This supplement presents proven concepts, techniques and products from military trauma care that have immediate application to civilian EMS. This supplement is sponsored by North American Rescue, Inc.
You check your rig and prepare for another shift full of chest pain and dyspnea calls. But what you don’t know is that terrorists have walked unabated into a middle school near your station, forced 1,800 students and teachers into the auditorium and killed several hostages who resisted their takeover.Minutes later, you get dispatched to assist police at the scene. On arrival, you see five dead children being thrown out school windows and at least 48 others with gunshot wounds laying on or running across the school property.
Americais a nation at war. That’s a reality, not political rhetoric. And some of the battles in that war are going to be fought on American soil—in our communities, among our homes and loved ones. Our enemy has promised us that some of those battles will be fought in our schools as our children are captured, tortured and even killed.
“It is appropriate that experience during unavoidable ‘epidemics of trauma’ be exploited in improving our national capability to provide better surgical and medical care for our citizens.”
Colonel, Medical Corps, U.S. Army1
In 1996, a revolutionary concept occurred in military medicine. Until then, battlefield prehospital trauma care followed the same guidelines developed for the urban U.S. civilian environment. But following the October 3, 1993, Battle of Mogadishu1, the U.S. Special Operations Command sponsored a study to review how casualty care was conducted. The panel’s consensus: Conventional civilian medicine was not appropriate for optimizing casualty care within the tactical environment.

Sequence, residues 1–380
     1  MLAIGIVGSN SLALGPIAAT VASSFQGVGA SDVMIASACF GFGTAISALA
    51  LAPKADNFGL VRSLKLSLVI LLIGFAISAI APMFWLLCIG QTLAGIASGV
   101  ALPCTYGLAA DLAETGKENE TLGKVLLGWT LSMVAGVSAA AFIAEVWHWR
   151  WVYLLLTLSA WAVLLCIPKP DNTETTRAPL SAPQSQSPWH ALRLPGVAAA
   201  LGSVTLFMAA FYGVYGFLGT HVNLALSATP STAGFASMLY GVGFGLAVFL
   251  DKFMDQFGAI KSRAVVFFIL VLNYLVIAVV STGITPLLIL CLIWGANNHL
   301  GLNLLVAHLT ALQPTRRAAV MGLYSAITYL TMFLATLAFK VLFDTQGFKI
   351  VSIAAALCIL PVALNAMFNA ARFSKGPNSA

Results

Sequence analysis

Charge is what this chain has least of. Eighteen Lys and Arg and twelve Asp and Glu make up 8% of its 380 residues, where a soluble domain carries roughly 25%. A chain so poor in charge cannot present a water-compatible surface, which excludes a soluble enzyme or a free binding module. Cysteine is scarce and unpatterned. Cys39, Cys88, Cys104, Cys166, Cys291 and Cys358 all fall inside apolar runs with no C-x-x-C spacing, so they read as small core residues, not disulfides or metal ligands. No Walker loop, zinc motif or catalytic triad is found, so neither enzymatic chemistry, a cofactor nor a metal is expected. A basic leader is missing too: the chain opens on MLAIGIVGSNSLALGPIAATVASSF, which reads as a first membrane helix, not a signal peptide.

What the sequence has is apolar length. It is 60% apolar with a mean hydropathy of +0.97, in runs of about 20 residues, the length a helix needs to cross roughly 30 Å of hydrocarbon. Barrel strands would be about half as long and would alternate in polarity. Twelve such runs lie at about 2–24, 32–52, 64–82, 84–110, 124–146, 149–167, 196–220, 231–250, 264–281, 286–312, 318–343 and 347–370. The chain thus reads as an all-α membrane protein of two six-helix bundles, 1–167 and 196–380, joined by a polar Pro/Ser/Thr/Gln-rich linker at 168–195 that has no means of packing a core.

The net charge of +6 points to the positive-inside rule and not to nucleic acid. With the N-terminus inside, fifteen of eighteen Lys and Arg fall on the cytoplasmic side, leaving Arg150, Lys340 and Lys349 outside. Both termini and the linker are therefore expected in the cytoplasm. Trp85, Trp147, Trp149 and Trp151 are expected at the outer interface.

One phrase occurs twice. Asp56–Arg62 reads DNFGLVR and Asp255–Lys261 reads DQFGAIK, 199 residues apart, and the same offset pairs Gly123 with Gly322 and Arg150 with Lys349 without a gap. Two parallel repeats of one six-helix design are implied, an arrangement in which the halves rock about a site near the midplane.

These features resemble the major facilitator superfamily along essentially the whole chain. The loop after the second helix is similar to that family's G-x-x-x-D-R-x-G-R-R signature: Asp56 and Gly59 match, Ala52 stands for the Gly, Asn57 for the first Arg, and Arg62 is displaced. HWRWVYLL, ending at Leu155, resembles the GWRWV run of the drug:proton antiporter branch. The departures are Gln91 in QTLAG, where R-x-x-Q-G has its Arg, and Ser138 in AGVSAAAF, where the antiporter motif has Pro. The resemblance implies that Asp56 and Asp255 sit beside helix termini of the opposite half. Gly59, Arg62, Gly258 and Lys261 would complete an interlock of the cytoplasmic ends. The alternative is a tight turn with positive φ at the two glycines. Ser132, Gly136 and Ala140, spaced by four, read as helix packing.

Few issues in the long and colorful history of medicine have generated as much controversy and confusion as the use of tourniquets to arrest severe extremity hemorrhage. As with many strongly held, traditional beliefs, the tradition is strong, but the evidence weak.
A trauma surgeon was recently involved in a case where stress affected his ability to perform a tracheotomy. The case involved a tactical team officer, who was brought to the ED with a gunshot wound that required an emergency tracheotomy. The surgeon knew the officer well, knew the members of his tactical team and had actually trained with the team on many occasions as their emergency team doctor. Therefore, a special bond existed between them.
NEW YORK – An EMT worker who was involved in a controversial incident in which a pregnant woman died last year was shot and killed Sunday, New York police said.
Authorities said they had no immediate link between the EMT’s shooting and the widely publicized case last year but that would be an aspect of their investigation.
“That part of the case will be investigated by NYPD. We will be in touch with Manhattan detectives who will be investigating the murder (of the EMT),” Brooklyn District Attorney spokesman Jerry Schmetterer.